In 1978, PEDV was first identified in Europe; subsequent reports occurred in many countries in Asia, including China, Japan, Korea, and Thailand. In 2010–2012, genetically different PEDV strains emerged, causing severe outbreaks in China (4). PEDV spread to the United States, Canada, and Mexico in 2013–2014, and genetically related strains were detected in South Korea and Taiwan (57). The PEDV outbreak caused large global economic losses to the swine industry. In Europe, a severe PEDV epidemic occurred in Italy during 2005–2006 (8), and in 2014–2015, PEDV was detected in Germany, France, and Belgium. These strains have a high nucleotide identity to PEDV strains that contain distinct insertions and deletions (INDELs) in the S gene (S-INDELs) from the United States (911). We report the detection and genetic characterization of swine enteric CoVs circulating in Italy during 2007–2014. We also report a recombinant TGEV and PEDV strain (identified as the species Swine enteric coronavirus [SeCoV]) circulating from June 2009 through 2012. Finally, we describe the phylogenetic relationship of the 2014 PEDV S-INDELs to the recent PEDV strains circulating in Europe.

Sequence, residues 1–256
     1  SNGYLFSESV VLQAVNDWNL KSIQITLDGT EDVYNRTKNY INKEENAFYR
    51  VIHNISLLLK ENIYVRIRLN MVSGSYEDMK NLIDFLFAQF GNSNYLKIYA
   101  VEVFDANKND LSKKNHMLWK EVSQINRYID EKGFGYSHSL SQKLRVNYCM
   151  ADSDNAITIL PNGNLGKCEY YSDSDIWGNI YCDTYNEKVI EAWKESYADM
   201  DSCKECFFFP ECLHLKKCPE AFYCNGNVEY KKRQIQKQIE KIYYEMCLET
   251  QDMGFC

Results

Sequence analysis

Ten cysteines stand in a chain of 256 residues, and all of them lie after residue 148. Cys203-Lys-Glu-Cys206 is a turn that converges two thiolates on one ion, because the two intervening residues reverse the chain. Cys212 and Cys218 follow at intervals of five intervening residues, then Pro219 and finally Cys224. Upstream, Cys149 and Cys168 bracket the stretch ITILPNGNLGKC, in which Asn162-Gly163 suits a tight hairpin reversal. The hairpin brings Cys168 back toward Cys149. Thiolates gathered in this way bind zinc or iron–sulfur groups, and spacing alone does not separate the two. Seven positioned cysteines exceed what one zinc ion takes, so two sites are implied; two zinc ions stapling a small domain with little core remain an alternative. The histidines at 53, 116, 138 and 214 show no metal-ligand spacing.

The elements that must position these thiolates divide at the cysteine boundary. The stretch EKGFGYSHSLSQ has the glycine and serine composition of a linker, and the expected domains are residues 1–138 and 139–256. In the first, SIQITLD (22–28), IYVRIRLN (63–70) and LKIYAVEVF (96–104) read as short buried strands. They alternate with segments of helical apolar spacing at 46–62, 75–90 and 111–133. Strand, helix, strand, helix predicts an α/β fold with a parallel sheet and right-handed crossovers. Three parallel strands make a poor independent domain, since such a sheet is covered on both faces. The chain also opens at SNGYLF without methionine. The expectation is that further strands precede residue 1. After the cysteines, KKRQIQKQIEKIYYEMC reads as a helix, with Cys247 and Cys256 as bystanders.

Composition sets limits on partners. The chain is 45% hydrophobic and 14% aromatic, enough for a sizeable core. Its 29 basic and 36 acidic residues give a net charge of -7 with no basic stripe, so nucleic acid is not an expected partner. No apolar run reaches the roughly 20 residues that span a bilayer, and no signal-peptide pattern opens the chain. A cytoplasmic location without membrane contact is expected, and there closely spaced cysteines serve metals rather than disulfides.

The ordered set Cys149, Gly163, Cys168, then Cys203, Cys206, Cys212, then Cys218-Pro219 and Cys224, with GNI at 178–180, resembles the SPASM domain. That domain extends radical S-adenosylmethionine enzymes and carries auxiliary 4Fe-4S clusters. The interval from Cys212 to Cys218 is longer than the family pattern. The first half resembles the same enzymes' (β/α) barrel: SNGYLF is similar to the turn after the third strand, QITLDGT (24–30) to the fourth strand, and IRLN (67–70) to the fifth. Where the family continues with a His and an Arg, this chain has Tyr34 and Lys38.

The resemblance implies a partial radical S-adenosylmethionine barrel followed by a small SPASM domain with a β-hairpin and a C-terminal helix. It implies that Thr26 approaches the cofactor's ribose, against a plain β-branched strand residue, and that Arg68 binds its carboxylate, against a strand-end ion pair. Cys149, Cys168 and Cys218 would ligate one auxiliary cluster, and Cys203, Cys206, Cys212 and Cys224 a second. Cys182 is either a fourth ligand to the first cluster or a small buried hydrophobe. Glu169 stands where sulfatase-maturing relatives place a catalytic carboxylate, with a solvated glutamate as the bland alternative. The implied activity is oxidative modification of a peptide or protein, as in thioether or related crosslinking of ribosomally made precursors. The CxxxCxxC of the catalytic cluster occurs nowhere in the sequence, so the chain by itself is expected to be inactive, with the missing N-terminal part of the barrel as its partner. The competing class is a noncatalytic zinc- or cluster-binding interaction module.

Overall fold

The Study

During 2007–2014, we collected 27 fecal and 24 intestinal samples from pigs with suspected PEDV or TGEV infections; the pigs came from swine farms in northern Italy (Po Valley), which contains the regions of Piemonte, Lombardia, Emilia Romagna, and Veneto (Technical Appendix Figure 1). The Po Valley contains 70% of Italy’s swine. Clinical signs included watery diarrhea in sows and a death rate in piglets of 5%–10%, lower than is typical with PEDV or TGEV infections. Samples were submitted for testing by electron microscopy, PEDV ELISA, viral isolation, pan-CoV reverse transcription PCR (RT-PCR), and RT-PCR for PRCV and TGEV; selected positive pan-CoV samples were sequenced (1214) (Technical Appendix).